Ask Morgana 125: Jeremy Lipking

I can feel an essay on art bubbling up, so I must cut this short before it gets to that stage. I’m lucky. I can stand before a Titian or a Velasquez and say “Wow!” Equally, I can stand before a Mark Rothko and say “Wow!” The current crop of post-modern realists, of which I have featured several, are a breath of fresh air. But what I hope no one forgets, not the artists themselves nor those of us who appreciate them and their rediscovery of a technique, is that much has been discovered about art since artists shifted depiction away from its priority. When we look at a painting, there is so much more going on than the representation of an object.

Jeremy Lipking was born in 1975, and has been compared to 19c realists such as John Singer Sargent. It has been said of him, that “like all great realists, he has the ability to generate powerful fiction.” I would suggest that this is the defintion of romanticism, not realism, but it is a useful note to remember when we recall that there is so much more going on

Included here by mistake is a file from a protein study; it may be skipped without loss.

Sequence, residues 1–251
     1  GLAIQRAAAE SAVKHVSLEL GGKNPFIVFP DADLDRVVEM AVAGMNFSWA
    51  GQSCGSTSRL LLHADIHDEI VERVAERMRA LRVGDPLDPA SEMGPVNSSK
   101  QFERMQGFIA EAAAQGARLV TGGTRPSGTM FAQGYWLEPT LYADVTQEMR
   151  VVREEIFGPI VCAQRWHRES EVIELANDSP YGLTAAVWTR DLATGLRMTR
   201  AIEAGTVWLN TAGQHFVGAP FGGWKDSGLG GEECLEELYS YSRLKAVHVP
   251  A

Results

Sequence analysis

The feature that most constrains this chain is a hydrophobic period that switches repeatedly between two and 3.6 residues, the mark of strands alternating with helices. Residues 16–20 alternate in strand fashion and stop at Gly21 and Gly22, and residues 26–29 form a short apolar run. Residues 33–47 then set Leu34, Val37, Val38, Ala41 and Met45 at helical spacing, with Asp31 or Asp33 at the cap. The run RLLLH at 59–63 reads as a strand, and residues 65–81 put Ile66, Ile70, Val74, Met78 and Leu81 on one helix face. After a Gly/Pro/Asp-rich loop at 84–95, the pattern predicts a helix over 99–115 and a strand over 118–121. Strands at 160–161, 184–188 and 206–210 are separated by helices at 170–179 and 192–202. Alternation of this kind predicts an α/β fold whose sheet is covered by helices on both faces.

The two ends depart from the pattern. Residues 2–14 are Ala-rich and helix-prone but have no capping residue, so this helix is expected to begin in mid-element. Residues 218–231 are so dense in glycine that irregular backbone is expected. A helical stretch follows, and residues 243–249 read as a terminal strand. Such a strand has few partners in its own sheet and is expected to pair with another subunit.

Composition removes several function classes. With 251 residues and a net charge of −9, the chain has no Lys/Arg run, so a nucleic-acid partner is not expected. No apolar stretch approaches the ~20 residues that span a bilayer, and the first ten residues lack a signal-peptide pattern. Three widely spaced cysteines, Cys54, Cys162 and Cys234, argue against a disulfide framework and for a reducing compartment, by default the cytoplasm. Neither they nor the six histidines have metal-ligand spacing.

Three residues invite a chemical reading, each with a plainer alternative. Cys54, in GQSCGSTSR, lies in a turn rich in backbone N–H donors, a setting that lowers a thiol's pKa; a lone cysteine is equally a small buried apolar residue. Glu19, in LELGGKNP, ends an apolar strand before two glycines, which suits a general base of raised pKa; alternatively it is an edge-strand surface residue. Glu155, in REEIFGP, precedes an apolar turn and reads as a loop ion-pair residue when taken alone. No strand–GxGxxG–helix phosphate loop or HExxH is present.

In this series on erotic art, I have featured many artists who many of you who read this blog may consider did not set out to ‘paint sexy’, but simply painted within a long tradition of the nude. It is not the tradition, nor the subject matter, nor even necessarily the intention of the artist that concerns me. The art, it can be argued, happens right here, right where I – or any other viewer – look at it and experience it. The Lipking paintings I have selected are simply sexy, regardless of what the painter’s intentions are. I realise that with that statement I have just arbitrarily draped the entire mantle of interpretation on the shoulders of the viewer; but that, I guess, is the point of this series. We could argue this round in a circle all day.

May I draw your attention to one painting that does not depend on nudity. in many ways it’s the sexiest image in this post. What a wonderful, simple thing is one single, slipped shoulder-strap…








Images reproduced under ‘fair use’ provisions, for review purposes.

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